Middle East News: World Press Roundup

The Los Angeles Times examines Arab misgivings regarding the intentions behind the fall Mideast meetings as well as prospects for its success (2.) The Associated Press reports on plans for the first Palestinian census in the occupied territories in a decade and how the results could impact future peace talks with Israel (3.) The New York Times reviews the new book by Israeli historian Zertal and Israeli journalist Eldar on the Israeli settlement project in the occupied Palestinian territories (5.) The Christian Science Monitor assesses the prospects of reviving the Mideast peace process as the Bush administration ratchets up its engagement in the lead up to the fall meeting (7.) The Guardian (UK) looks at new statements by Israeli PM Olmert regarding Israel's willingness to return parts of occupied East Jerusalem to the Palestinians (9.) The Independent (UK) reports on the impressions being made on Quartet envoy Tony Blair as he travels the West Bank as part of his mission of strengthening Palestinian institutions and the economy (11.) An Arab News (Saudi Arabia) editorial finds positive signs for movement on the peace process in recent Israeli and Palestinian statements on the issue (13.) A Haaretz (Israel) opinion by Akiva Eldar spells out what an personal involvement by President Bush in advancing Israeli-Palestinian peace should be composed of (15.)

Palestinian Census First In Decade
ATFP World Press Roundup Article from The Associated Press
by Dalia Nammari - October 15, 2007 - 2:46pm

The Palestinians are preparing to conduct their first census in a decade, with hopes the results will help them in future peace talks with Israel. Demographics play a central role in the Israeli-Palestinian conflict. Rapid Palestinian growth would bolster Palestinian territorial demands, while Israelis' fear of being outnumbered in areas they now control might make them more willing to consider a West Bank withdrawal.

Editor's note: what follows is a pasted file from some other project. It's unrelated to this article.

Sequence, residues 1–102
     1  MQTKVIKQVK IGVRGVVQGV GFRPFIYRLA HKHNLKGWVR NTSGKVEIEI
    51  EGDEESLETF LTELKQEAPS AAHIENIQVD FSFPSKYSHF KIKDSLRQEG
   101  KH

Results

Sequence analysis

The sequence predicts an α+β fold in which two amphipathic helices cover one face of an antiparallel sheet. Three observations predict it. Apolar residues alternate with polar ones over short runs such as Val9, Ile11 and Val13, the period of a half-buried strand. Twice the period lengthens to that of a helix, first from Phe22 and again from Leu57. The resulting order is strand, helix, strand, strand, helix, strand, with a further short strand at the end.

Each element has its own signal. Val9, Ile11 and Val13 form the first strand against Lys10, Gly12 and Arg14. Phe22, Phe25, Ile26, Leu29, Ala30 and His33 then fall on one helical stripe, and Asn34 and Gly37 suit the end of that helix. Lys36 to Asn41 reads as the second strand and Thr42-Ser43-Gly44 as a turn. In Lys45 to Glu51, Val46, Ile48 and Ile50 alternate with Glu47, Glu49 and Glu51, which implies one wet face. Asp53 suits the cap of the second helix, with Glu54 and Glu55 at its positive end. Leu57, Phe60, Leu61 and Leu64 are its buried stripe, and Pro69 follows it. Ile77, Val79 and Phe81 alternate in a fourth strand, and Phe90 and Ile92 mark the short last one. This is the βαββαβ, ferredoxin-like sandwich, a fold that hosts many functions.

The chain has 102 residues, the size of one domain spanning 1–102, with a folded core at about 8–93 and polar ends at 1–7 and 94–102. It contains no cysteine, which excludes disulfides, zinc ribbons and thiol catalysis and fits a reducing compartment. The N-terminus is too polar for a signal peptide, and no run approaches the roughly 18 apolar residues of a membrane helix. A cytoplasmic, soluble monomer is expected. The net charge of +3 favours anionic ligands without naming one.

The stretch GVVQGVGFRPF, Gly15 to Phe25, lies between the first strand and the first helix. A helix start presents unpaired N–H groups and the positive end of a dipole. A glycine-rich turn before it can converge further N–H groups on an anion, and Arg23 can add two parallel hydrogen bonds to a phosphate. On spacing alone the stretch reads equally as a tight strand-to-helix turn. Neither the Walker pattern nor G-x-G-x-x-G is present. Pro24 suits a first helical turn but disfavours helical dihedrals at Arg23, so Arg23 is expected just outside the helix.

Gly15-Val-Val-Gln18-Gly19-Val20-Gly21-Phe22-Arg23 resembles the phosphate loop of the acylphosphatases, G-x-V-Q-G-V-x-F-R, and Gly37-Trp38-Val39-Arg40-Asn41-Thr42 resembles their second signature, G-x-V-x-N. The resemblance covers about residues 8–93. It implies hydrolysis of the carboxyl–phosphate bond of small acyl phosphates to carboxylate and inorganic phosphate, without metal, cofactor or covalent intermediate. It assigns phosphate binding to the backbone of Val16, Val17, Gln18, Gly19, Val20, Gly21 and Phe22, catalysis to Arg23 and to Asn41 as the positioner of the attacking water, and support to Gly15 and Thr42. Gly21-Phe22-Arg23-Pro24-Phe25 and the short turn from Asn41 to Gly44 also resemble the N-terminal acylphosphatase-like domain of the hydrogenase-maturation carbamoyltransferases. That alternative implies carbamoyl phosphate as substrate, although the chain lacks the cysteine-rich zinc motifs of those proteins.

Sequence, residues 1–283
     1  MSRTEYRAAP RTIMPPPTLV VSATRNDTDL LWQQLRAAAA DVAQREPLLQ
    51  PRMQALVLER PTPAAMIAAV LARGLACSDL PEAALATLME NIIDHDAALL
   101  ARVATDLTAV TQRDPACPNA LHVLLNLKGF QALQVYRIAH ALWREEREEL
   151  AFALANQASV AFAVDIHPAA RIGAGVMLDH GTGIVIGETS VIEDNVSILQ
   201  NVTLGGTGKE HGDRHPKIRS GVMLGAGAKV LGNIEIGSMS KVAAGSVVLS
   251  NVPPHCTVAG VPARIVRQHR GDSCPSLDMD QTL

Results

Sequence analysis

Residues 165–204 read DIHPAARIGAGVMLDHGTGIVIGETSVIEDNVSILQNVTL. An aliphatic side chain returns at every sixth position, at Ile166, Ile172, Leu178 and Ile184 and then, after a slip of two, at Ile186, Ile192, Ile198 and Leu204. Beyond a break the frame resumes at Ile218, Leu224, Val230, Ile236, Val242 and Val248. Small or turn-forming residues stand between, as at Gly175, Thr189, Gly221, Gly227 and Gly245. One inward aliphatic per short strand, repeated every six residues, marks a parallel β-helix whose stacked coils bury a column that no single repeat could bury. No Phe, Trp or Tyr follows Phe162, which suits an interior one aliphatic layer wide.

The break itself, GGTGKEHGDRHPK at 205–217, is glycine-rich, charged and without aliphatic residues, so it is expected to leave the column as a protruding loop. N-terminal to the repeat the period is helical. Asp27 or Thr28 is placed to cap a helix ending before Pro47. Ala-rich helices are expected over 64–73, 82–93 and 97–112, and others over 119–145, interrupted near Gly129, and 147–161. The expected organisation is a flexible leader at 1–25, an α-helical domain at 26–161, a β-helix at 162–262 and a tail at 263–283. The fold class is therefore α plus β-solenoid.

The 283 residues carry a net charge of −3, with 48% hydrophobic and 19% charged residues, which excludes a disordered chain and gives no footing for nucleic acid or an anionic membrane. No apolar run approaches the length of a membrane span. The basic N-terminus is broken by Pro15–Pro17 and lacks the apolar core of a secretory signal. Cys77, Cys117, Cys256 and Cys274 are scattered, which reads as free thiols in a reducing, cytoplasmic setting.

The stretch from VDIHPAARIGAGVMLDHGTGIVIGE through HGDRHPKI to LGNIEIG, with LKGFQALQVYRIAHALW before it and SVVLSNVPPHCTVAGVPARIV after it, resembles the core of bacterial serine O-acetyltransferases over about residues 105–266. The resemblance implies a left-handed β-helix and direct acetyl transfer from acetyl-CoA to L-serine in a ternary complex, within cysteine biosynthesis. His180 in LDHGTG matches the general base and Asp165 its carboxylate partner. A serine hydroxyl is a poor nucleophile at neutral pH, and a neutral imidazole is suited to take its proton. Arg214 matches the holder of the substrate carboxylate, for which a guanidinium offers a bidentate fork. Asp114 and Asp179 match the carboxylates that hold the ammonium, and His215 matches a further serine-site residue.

Rice Pushes Israelis, Palestinians Toward Middle
ATFP World Press Roundup Article from Reuters
by Arshad Mohammed - October 15, 2007 - 2:47pm

Secretary of State Condoleezza Rice tried on Monday to push Palestinians and Israelis toward a middle ground in drafting a joint document seen as key to the success of a U.S.-hosted peace conference this year. After meeting Palestinian President Mahmoud Abbas, Rice said the document should "seriously and substantively" address the core issues of the conflict -- a sharp contrast with Israeli hopes to keep it as vague as possible.

Palestinians Prepare To Stand Up For What Matters
ATFP World Press Roundup Article from Inter Press Service (IPS)
by Ramsey Ben-achour - October 15, 2007 - 3:02pm

Hundreds of thousands of Palestinians are expected to take part in demonstrations highlighting poverty and inequality in the Occupied Palestinian Territories (OPT). Palestinians in the territories number three to four million. Oct. 17 has been picked as the United Nations-recognised International Day for the Eradication of Poverty.

Israel Signals Readiness To Cede Parts Of Jerusalem To Palestinians
ATFP World Press Roundup Article from The Guardian
by Mark Tran - (Special Report) October 15, 2007 - 3:13pm

The Israeli prime minister, Ehud Olmert, today signalled his readiness to give up parts of Jerusalem to the Palestinians in an apparent concession ahead of a US-sponsored peace conference. Mr Olmert noted that Israel had built a series of thriving Jewish neighbourhoods in east Jerusalem, but signalled that Israel's control of Arab areas was not necessary.

Condoleezza Rice Warns Israelis Over Land Grab